Bailouts, Capital, or CoCos: Can Contingent Convertible Bonds Help Banks Cope with Financial Stress?

Bailouts, Capital, or CoCos: Can Contingent Convertible Bonds Help Banks Cope with Financial Stress?

Since the 2008 financial crisis, banking regulators’ capital enhancement efforts have focused on permitting systemically important financial institutions to issue alternative forms of debt and quasi-debt instruments as a means of meeting their Basel III primary capital (Tier 1) and secondary capital (Tier 2) requirements. Among these alternatives are so-called contingent convertible capital securities (CoCos). Financial institutions are able to issue CoCos to investors as bonds with the stipulation that they will convert into equity if the institution fails to meet a given capital ratio.
This policy analysis evaluates two types of CoCos—“write-down” and “going-concern” CoCos—on the bases of the different metrics and mechanisms each uses to convert bonds into equity. It shows that so far, few (if any) of the CoCos that institutions have used to satisfy their countries’ capital requirements—many of which were issued prior to robust research on how to structure CoCos effectively—have met the standards necessary for them to achieve their intended purposes. Most of the CoCos issued to date have been write-down CoCos, which rely on backward-looking accounting measures to evaluate an institution’s creditworthiness and use risk-based capital standards to trigger a bond-equity conversion. Rarer are going-concern CoCos, whose market-based conversion triggers incentivize businesses and bank managers to take on increased leverage and more risk.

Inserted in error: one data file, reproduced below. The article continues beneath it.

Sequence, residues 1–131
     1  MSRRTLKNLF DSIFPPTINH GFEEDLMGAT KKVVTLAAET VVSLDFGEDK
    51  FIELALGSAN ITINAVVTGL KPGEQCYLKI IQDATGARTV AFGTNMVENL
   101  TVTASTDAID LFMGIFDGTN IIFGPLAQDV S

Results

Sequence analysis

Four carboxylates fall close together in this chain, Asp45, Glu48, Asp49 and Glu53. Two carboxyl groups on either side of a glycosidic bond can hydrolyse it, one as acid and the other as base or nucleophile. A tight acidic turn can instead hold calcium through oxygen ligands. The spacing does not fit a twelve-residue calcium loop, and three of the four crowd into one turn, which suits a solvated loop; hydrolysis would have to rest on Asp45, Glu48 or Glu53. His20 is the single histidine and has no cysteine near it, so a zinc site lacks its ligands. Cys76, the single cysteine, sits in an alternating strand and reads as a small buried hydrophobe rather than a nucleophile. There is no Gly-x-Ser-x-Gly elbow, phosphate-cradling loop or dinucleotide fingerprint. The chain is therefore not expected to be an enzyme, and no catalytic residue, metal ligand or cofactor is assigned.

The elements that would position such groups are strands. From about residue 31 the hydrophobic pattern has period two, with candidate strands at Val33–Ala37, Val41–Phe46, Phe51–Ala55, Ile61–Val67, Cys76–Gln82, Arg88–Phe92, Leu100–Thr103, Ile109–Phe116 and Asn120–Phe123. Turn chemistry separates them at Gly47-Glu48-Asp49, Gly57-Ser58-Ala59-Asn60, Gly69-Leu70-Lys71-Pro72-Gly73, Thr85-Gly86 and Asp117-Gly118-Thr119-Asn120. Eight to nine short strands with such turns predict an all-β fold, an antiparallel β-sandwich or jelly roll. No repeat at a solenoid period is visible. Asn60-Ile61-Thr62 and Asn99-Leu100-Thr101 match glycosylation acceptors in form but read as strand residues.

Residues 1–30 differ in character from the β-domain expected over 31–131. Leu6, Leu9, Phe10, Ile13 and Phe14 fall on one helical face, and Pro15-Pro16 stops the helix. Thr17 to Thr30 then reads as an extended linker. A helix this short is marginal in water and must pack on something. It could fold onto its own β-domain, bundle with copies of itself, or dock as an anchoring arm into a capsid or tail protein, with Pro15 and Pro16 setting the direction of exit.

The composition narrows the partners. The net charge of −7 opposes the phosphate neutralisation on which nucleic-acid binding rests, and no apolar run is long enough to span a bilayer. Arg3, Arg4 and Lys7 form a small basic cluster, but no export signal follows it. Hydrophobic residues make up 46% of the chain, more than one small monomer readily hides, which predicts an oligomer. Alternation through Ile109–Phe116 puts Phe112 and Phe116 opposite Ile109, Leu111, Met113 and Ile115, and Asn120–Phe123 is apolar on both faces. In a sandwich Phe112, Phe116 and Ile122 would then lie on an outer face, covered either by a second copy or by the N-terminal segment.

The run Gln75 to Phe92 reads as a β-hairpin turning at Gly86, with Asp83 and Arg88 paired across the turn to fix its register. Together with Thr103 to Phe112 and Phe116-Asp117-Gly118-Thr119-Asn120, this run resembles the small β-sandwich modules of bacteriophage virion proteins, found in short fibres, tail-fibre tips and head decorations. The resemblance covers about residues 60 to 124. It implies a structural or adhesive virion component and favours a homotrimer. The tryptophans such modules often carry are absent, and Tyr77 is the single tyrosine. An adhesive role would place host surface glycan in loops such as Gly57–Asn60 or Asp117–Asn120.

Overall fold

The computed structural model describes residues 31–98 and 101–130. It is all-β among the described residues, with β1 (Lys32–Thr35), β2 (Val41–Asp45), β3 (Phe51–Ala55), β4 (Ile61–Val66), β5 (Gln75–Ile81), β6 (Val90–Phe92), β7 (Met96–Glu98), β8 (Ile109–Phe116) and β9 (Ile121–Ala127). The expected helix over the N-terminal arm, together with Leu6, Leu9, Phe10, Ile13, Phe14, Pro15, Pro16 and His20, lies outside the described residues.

This policy analysis draws lessons from recent European experiences with both write-down and going-concern CoCos and concludes that, given their deficiencies, neither includes the design elements necessary to help financial institutions meet Basel III Tier 1 or Tier 2 capital standards. As a result, U.S. regulators should continue to approach CoCos with skepticism and caution. One alternative to CoCos they might consider is a modified version of the regulatory “off-ramp” provision of the 2017 Financial CHOICE Act, which holds the potential to increase bank capital while providing significant regulatory relief.

Robert A. Eisenbeis

Cato Institute

July 30, 2019

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